Thus, to minimize the number of spoken words lost while the jitter buffer latency is modified, the transmitter does not transmit non-speech audio packets during the period of silence. During the period of silence, the receiver generates comfort noise to reconstruct background noise for the listener. The receiver forwards the comfort noise to the listener. Comfort noise is generated and forwarded to reassure the listener that the telephone conversation has not ended. The comfort noise reduces the quality of the real-time audio because the listener hearing comfort noise during a period of silence in a telephone conversation instead of background noise receives a negative indication or impression that the telephone conversation is being transmitted over a data network instead of a telephone network.
A non-speech identifier is stored in a data packet if the data packet contains non-speech audio. The non-speech audio in the data packet is identified dependent on the state of the non-speech identifier. Upon detection of a data packet containing non-speech audio; jitter buffer latency modification is enabled. Upon detection of a data packet containing speech audio; jitter buffer latency modification is disabled.
The non-speech identifier may be a one bit field stored in the header of the data packet. The header may be the Real-time Transport Protocol header. The one bit field is set to a first of two states if the type of audio stored in the data packet's payload is non-speech audio and set to a second state if the type of audio stored in the data packet's payload is speech audio.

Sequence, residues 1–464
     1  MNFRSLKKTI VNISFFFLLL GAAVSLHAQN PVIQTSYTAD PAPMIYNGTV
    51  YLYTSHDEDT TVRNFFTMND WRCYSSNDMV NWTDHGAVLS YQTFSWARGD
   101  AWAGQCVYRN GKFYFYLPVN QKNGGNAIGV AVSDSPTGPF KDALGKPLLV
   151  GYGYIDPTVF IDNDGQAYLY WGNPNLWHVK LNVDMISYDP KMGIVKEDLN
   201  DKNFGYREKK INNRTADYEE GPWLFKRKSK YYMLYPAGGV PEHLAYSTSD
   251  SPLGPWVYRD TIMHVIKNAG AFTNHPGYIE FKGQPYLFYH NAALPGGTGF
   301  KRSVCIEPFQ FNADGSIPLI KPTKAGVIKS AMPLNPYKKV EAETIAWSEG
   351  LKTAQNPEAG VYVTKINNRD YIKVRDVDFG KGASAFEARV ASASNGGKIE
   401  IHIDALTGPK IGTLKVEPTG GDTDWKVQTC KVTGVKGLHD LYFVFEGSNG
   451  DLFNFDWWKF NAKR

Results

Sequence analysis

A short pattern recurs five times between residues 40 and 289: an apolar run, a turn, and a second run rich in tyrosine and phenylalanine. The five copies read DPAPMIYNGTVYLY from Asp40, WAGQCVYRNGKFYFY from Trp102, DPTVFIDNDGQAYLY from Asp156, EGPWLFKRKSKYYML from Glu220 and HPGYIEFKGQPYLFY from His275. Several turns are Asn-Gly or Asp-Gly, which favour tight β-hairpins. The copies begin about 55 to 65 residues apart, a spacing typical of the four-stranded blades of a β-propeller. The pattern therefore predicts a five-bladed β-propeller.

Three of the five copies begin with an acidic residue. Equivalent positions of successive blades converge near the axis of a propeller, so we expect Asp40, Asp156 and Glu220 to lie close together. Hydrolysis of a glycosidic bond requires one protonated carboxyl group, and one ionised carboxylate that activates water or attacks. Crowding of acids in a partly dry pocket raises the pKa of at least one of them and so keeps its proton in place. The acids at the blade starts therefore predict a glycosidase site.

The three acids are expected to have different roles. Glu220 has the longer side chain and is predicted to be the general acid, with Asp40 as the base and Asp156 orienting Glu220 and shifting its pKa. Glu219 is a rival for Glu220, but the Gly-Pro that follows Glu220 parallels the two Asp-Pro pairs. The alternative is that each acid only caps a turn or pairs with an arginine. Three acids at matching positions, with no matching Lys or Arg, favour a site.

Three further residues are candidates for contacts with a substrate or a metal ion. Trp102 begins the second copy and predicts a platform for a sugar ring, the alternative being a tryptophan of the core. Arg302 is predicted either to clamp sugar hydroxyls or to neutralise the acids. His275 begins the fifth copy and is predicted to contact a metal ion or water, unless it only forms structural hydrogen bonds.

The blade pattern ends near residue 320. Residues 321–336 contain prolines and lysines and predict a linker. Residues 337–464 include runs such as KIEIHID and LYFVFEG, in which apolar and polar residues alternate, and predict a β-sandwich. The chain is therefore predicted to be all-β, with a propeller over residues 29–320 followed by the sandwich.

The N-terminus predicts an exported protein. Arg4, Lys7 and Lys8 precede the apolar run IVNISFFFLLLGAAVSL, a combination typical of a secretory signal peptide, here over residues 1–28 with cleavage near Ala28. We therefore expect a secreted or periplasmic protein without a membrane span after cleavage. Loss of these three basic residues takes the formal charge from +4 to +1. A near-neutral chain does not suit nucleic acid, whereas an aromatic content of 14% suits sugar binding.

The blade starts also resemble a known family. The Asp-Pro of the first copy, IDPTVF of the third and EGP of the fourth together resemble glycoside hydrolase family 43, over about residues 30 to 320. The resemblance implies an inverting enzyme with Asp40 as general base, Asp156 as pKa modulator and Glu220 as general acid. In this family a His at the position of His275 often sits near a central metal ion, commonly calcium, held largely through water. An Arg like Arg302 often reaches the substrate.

The foregoing and other objects, features and advantages of the invention will be apparent from the following more particular description of preferred embodiments of the invention, as illustrated in the accompanying drawings in which like reference characters refer to the same parts throughout the different views. The drawings are not necessarily to scale, emphasis instead being placed upon illustrating the principles of the invention.
For example, to transmit audio from telephone 112 a to telephone 112 e, audio originating in telephone 112 a is forwarded to Internet access server 104 a through the PSTN 106. Transmitting Internet access server 104 a samples the audio and divides the sampled audio into payloads. Internet access server 104 a generates a network data packet by adding a network header to the payload. The header includes a destination address for the data packet and a non-speech identifier identifying the type of audio stored in the payload as speech audio or non-speech audio.
The data packet is forwarded on the Internet dependent on the destination address included in the header. Receiving Internet access server 104 c determines from the destination address included in the header of the data packet that the destination address is telephone 112 e, removes the header from the data packet and forwards the audio stored in the payload to telephone 112 e.
To transmit audio from telephone 112 e to telephone 112 a, Internet access server 104 c packetizes the audio forwarded from telephone 112 e and Internet access server 104 a de-packetizes the data packets and forwards the audio to telephone 112 a through the PSTN 106.
Thus, to transmit audio on the Internet, the audio is packetized by an Internet access server 104 a–c, forwarded on the Internet and de-packetized by the Internet access server 104 a–c after it is received from the Internet.